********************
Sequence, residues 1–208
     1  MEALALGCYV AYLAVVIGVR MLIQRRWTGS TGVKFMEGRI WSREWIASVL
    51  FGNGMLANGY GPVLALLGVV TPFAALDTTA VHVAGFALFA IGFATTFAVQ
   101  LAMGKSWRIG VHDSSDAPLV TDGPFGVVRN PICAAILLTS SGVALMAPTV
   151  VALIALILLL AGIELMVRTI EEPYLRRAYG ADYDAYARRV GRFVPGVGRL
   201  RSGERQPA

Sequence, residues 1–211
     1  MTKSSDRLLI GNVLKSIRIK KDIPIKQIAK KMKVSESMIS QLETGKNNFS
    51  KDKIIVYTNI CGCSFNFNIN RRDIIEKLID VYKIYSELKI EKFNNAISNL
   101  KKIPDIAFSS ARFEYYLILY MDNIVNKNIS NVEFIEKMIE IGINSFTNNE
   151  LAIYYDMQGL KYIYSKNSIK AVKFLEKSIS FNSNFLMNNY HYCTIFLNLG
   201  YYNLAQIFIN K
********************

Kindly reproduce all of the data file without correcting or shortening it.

Sequence, residues 1–208
     1  MEALALGCYV AYLAVVIGVR MLIQRRWTGS TGVKFMEGRI WSREWIASVL
    51  FGNGMLANGY GPVLALLGVV TPFAALDTTA VHVAGFALFA IGFATTFAVQ
   101  LAMGKSWRIG VHDSSDAPLV TDGPFGVVRN PICAAILLTS SGVALMAPTV
   151  VALIALILLL AGIELMVRTI EEPYLRRAYG ADYDAYARRV GRFVPGVGRL
   201  RSGERQPA

Sequence, residues 1–211
     1  MTKSSDRLLI GNVLKSIRIK KDIPIKQIAK KMKVSESMIS QLETGKNNFS
    51  KDKIIVYTNI CGCSFNFNIN RRDIIEKLID VYKIYSELKI EKFNNAISNL
   101  KKIPDIAFSS ARFEYYLILY MDNIVNKNIS NVEFIEKMIE IGINSFTNNE
   151  LAIYYDMQGL KYIYSKNSIK AVKFLEKSIS FNSNFLMNNY HYCTIFLNLG
   201  YYNLAQIFIN K